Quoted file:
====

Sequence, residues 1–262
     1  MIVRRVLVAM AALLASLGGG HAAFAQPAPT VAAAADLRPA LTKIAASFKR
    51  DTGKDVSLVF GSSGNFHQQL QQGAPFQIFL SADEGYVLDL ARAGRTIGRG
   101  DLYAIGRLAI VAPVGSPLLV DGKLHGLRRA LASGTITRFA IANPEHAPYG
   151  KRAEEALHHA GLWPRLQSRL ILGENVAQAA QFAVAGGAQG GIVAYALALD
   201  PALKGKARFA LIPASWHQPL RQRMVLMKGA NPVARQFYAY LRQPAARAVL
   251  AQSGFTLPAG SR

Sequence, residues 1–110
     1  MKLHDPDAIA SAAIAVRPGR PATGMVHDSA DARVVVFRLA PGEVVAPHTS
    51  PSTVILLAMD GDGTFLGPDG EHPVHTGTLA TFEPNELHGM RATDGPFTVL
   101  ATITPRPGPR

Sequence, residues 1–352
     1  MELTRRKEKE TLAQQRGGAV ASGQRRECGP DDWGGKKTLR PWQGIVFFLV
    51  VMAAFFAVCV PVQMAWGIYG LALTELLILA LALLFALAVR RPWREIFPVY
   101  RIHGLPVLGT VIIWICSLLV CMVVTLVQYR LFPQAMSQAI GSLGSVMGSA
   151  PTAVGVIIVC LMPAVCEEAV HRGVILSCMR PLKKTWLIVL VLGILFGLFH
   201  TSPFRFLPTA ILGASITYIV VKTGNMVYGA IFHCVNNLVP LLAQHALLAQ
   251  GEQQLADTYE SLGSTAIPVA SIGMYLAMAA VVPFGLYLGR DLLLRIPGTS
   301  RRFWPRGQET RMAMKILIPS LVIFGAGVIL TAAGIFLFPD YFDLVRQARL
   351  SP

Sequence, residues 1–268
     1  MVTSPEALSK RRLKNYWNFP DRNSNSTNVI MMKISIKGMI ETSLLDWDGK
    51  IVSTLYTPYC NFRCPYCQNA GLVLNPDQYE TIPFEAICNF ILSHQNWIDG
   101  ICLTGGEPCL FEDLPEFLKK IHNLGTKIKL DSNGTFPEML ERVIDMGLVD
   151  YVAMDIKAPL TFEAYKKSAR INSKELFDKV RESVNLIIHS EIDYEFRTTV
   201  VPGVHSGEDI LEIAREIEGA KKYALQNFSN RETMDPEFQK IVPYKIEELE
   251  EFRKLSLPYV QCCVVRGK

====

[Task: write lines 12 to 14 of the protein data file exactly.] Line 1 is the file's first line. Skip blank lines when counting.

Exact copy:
Sequence, residues 1–352
     1  MELTRRKEKE TLAQQRGGAV ASGQRRECGP DDWGGKKTLR PWQGIVFFLV
    51  VMAAFFAVCV PVQMAWGIYG LALTELLILA LALLFALAVR RPWREIFPVY